Friday, November 12, 2010

If I were in Paris... November 12, 2010

I would probably be staying out of the way of the protestors. Oy! All France will be out, since the bill raising the retirement age from 60 to 62 is now law as of Wednesday.

It would be a good time to take a brisk walk, perhaps over in the 16th arr., in the Bois de Boulogne area. Few protestors will probably be here, simply because it is out of the way, far on the western side of the city. However, that is not to say there are not some lovely museums and sights in that area or nearby. The Maison de Balzac, home of the famous writer is here (I've never been!). The Musee Guimet, home to a collection of Asian art and artifacts. The Musee Baccarat (crystal and glass), the Musee Clemenceau, the Musee Galliera (fashion and costumes--small but stunning), the curious Musee de Contrefacon (museum of counterfeiting: I must go, next time I am in Paris!), Musee de l'Homme, and the ever-delightful Musee Marmottan-Monet, where a collection of Monet's work hides. This arrondissement holds more museums on more topics than any other section of the city!

I also love this part of the city because it is the "city" of Gigi and Paris's 19th-century playwrights and novelists. This is where the upper middle class families lived in apartment blocks. Les cocottes (some actresses) came here to show off the carriages, horses, furs, jewelry, and couture clothing bought for them by their lovers, and made the staid housewives and daughters envious.


It was a great place for rendez-vous, this "woods" on the outskirts of Paris, more refined than the Bois de Vincennes on the eastern part of town. And near the great racetrack.

And there is great walking: wide avenues with great viewing of people and buildings. After a while, the 16th is all the same, but it is always pleasant.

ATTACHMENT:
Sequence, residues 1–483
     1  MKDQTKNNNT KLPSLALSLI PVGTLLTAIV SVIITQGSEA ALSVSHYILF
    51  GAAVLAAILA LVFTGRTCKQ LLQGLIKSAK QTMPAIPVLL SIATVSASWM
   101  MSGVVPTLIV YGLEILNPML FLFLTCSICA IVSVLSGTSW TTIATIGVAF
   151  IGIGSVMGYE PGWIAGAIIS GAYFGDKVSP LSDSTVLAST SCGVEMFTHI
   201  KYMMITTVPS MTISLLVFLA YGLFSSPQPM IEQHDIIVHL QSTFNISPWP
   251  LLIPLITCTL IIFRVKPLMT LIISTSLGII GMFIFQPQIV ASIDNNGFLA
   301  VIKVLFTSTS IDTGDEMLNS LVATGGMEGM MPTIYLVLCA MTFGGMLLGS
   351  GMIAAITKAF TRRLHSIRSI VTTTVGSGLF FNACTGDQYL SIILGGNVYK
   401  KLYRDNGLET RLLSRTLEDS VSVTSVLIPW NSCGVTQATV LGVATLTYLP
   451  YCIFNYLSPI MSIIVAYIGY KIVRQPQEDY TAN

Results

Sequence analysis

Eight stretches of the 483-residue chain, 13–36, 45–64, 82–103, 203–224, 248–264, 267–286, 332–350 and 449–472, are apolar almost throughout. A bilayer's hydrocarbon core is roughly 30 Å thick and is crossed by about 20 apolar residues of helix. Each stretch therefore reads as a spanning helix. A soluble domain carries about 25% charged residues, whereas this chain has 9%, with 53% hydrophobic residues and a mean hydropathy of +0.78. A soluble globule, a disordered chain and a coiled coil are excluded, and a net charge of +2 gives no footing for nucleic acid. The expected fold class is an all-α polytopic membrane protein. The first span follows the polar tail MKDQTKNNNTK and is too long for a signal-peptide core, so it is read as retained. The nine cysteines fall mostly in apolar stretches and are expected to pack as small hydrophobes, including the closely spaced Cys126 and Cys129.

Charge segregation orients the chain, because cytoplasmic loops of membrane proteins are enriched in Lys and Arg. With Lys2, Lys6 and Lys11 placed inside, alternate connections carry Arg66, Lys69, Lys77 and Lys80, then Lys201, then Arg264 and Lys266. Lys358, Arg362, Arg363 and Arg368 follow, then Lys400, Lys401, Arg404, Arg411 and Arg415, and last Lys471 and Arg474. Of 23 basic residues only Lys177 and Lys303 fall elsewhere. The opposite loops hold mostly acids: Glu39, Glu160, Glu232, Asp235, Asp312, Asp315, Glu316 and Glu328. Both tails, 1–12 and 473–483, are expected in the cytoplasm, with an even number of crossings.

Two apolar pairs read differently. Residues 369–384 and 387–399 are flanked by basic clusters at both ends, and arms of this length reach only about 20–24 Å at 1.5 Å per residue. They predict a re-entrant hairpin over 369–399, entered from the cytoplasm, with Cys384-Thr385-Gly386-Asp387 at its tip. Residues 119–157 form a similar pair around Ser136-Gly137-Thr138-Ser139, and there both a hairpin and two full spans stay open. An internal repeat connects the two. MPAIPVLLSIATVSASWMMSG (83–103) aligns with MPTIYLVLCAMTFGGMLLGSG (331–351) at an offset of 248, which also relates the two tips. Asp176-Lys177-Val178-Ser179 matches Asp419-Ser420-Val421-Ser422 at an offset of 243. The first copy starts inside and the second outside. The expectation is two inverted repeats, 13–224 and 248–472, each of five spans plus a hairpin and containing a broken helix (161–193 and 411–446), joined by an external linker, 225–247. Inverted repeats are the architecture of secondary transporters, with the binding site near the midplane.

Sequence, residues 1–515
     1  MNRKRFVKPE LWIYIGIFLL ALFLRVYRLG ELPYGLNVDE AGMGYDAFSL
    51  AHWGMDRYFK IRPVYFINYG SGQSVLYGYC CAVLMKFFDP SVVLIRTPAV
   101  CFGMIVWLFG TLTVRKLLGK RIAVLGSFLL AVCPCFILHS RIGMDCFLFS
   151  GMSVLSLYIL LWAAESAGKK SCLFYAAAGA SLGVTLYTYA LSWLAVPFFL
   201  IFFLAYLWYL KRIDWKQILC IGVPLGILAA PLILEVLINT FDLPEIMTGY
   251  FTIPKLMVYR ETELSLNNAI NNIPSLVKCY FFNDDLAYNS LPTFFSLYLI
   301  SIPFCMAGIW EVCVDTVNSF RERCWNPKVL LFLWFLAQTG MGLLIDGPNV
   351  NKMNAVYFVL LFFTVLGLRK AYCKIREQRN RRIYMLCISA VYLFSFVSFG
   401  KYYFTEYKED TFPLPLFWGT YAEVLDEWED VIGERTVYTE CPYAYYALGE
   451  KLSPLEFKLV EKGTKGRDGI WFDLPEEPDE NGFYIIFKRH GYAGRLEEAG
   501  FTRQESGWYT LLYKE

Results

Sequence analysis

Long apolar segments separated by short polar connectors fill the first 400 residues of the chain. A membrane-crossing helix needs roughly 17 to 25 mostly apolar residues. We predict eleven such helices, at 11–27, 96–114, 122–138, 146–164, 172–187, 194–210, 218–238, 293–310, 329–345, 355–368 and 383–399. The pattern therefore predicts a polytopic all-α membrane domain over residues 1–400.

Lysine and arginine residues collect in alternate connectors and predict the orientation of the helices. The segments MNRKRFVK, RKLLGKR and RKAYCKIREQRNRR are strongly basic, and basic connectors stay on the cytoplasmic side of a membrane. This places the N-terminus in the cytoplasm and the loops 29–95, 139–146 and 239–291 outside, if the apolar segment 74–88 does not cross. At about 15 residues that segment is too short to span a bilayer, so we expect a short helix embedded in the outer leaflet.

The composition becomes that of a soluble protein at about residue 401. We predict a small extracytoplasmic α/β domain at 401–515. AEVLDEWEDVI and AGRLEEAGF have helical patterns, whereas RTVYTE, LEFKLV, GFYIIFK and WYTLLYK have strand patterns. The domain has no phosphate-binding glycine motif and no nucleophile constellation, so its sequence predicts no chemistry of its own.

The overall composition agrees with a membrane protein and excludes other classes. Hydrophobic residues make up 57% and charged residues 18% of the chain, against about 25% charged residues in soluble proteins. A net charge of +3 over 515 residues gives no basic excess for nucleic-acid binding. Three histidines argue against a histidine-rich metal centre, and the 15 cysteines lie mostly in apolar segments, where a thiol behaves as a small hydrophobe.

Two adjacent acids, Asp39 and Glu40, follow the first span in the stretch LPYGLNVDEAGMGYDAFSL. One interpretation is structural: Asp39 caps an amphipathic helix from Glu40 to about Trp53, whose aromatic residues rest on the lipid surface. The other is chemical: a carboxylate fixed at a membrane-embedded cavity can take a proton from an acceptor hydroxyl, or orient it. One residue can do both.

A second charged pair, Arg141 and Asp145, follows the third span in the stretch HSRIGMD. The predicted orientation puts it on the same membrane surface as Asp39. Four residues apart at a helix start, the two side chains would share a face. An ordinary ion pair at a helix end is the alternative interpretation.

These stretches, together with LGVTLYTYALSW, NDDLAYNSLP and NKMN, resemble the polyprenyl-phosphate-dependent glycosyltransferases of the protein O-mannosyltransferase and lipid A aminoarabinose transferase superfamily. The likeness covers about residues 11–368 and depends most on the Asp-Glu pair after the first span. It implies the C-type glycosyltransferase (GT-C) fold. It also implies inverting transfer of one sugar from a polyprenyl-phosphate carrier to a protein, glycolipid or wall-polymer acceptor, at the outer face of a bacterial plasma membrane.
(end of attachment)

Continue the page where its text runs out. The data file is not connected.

There is also the great walk of Rue du Faubourg Saint-Honore/Rue Saint-Honore, which takes you through the 16th and down into the 1st. A lovely walk ith a 19th-century history, starting at Place des Ternes and ending near Les Halles.

Then one can eat in the inexpensive but again delightful cafe in the Trocadero Palace, entered from behind (away from the Seine). I might even walk all the way to the Arc de Triomphe and the Place de l'Etoile.

This time of year, when dark comes early and the lights are so gorgeous on the boulevards, I love to eat inside cafes and watch out through the windows. They all seem cosy, and the basic French fare is so hearty: roast chicken, onion soup, etc. Even having a simple crepe becomes wonderful, since it is warm and you are warm and the lights are so bright.

1 comment:

  1. Oh, Mon Dieu - will it never end?!
    Do you know if they "grandfathered" this arrangement so that people over say, 55 can still retire at 60? I know I'd be mad. I was there for the October 12 strike, not so bad, but the rolling strikes got me.

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